Published Date: 2004-03-22 23:50:00
Subject: PRO/EDR> Melioidosis - Australia (NT) (02)
Archive Number: 20040322.0797
MELIOIDOSIS - AUSTRALIA (NORTHERN TERRITORY) (02)
A ProMED-mail post
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International Society for Infectious Diseases
Date: Sat, 20 Mar 2004 13:41:45 +1030
From: Allen Cheng <email@example.com> (edited)
So far this 2003/4 wet season, 15 cases of melioidosis have presented to
the Royal Darwin Hospital, the referral center for the endemic Top End
region of the Northern Territory. Previously the epidemiology of
melioidosis was reviewed using notifiable diseases data (1).
In that report, it was noted that a cluster of cases occurred after heavy
rainfall in Queensland. The association between rainfall and cases is also
well-described, with a shift in the presentation of disease to pneumonia
and more severe disease after heavy rain (2). Clustering has also been
noted after other severe weather events such as the Katherine floods in Jan
1998 and heavy rainfall after tropical cyclone Thelma in Dec 1998
(manuscript in preparation).
It is unlikely that melioidosis was introduced by returning Australian
soldiers following WW2 as stated. There is extensive molecular diversity of
isolates throughout northern Australia, including many isolated coastal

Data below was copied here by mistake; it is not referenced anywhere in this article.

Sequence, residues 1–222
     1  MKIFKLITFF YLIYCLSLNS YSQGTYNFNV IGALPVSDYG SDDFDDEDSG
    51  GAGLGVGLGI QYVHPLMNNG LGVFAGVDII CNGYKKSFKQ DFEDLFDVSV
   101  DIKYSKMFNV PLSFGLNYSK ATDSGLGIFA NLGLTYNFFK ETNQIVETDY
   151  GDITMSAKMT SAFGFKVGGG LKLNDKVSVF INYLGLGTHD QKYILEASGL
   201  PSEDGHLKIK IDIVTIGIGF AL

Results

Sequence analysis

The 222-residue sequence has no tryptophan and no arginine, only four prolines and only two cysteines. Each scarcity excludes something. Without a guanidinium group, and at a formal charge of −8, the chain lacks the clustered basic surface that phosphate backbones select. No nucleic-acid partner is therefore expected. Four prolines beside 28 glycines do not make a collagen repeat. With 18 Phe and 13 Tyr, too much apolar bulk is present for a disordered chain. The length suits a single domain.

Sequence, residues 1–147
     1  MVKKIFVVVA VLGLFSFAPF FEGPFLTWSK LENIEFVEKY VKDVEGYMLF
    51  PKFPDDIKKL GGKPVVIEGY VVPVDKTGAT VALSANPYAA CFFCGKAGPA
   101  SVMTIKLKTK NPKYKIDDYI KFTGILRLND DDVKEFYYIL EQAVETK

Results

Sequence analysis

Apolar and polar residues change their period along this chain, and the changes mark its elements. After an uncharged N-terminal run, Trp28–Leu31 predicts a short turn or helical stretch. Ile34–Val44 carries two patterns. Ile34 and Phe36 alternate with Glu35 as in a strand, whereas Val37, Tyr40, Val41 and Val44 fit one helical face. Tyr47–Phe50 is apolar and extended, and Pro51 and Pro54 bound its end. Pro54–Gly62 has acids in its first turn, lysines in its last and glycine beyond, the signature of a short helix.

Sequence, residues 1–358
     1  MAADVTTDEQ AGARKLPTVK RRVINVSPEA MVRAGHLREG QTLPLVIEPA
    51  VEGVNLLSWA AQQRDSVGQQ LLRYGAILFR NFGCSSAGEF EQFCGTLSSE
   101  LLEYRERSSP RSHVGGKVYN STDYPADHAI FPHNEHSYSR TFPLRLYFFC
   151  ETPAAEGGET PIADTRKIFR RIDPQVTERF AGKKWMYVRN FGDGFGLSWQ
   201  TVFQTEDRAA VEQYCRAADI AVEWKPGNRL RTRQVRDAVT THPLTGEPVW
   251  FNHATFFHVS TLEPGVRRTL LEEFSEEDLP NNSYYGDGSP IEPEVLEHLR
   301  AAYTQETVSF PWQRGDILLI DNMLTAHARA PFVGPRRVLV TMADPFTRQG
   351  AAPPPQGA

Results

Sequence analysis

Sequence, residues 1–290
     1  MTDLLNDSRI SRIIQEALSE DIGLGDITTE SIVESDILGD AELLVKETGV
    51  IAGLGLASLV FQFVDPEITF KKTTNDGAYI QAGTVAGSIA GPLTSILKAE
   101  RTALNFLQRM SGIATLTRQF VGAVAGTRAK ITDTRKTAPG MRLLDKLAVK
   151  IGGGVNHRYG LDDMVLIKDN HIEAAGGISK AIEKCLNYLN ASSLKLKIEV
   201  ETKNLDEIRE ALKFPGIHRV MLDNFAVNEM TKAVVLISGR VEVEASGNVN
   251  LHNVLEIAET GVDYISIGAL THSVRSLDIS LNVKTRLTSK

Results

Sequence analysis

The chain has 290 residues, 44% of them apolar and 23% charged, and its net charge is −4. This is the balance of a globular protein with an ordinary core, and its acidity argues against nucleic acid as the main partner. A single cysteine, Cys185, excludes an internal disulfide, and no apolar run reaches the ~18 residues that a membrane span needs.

islands with little external contact (3).
Introduction of melioidosis is believed to have occurred to areas outside
the endemic area such as a focus in southwest West Australia, where
clinical isolates over 25 years were clonal on ribotyping (4).
1. Cheng AC, Hanna JN, Norton R, et al, Comm Dis Intell 2003; 27: 272-77.
2. Currie BJ, Jacups SP. Intensity of rainfall and severity of
melioidosis, Australia. Emerg Infect Dis 2003; 9:1538-39
3. Currie BJ, Fisher DA, Howard DM, et al. The epidemiology of melioidosis
in Australia and Papua New Guinea. Acta Tropica 2000;74:121-27
4. Currie B, Smith-Vaughan H, Golledge C, et al. _Pseudomonas
pseudomallei_ isolates collected over 25 years from a non-tropical endemic
focus show clonality on the basis of ribotyping. Epidemiol Infect
Allen Cheng, Bart Currie, Dale Fisher, Nick Anstey, Emma Spencer, Vicki Krause
[ProMED thanks the above authors for their input regarding the epidemiology
and origins of _B. pseudomallei_ infection in Australia. - Mod.LL]